I could agree with not building in a flood plain, however that would include the entire Central Valley of California, so probably not. During the 1862 floods a lake formed that was estimated to be from 300-400 miles long and 50-70 miles wide. While it is true that hydraulic mining exacerbated localized flooding, the floods of 1862/63 were caused by massive amounts or rain for a period of over four weeks.
Are we still vulnerable? Certainly. The only reason we did not have catastrophic flooding in January 1997 was that the rain stopped. Oroville dam was within 8 hours of increasing releases from 160,000 CFS to 300,000 CFS when the rain stopped. Since Sacramento levees were already at the top, the additional water would most likely have resulted in widespread overtopping of levees in the region.
Remember, all of the valley is filled with silt from storm run off! There is no really safe place when the pineapple express in running full from the west. It does make a great place to grow nearly any kind of crop you might desire though.
PS: No water (or hydraulic mine tailings) from the Trinity Alps will reach Sacramento. The runoff from the Trinity Alps flows into the Trinity or Klamath Rivers.

November 28, 2012 2:02 pm

“… comma-shaped clouds …”
Starting to look more like @-signs than commas. In any case, very strongly punctuated weather patterns!

November 28, 2012 2:09 pm

Roger Knights says:
November 28, 2012 at 9:48 am
It’s just started to rain in SW Seattle.
Are you sure?

Bill Jamison
November 28, 2012 4:40 pm

I’m disappointed – but not surprised – that snow levels will rise so high but at least this series of storms will do wonders for our water storage.

November 28, 2012 6:07 pm

Every year we hear the [snip] in California whining about the teeny, tiny bit of fluff they call rain they get each fall. Man up. Grow a pair and head north 1000 miles and see some real rain. Every year we get a couple of Kalifornians step outside at the wrong time. Single drop hits em and they drown less we start CPR.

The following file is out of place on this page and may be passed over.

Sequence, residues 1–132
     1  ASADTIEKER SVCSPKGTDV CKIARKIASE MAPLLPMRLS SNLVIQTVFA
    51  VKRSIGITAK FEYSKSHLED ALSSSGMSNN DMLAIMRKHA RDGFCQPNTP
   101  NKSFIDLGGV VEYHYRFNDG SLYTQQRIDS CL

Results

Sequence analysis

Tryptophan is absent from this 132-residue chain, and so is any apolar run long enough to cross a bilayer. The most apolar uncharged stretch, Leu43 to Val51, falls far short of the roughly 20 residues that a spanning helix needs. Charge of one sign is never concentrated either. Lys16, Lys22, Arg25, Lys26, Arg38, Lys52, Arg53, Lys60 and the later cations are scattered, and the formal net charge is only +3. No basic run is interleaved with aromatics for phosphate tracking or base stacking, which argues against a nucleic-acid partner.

November 28, 2012 6:21 pm

McComber, From Wikipedia:
Many floods occurred later in the city of Sacramento and other low lying cities along the Sierra born rivers due to hydraulic mining at locations in the foothills e.g. malakoff diggings in which sludge runoffs purportedly raised the river beds in the valley below, an additional 2 ft.
Hydraulic Gold mining became a hot topic for the time and was eventually stopped by Ca. Lawmakers. Malokoff diggings is now a State Park missing a whole mountain due to the massive water jets that can still be seen there. Well worth the visit. Camping allowed, the old city still stands.[4]

November 28, 2012 10:34 pm

I’m one of the few jumping up and down and cheering about this. I have been dying for some real weather.
Mind you, some places (parts of Stockton and Sacramento) are not, shall we say, *ideally* sited for this kind of thing.

Daty By Day
November 28, 2012 11:02 pm

I lived in Artesia (southern Cal) when I was 12 and I remember huge floods and people going down the streets in small fishing boats. I have a few peictures even.

John Kettlewell
November 28, 2012 11:41 pm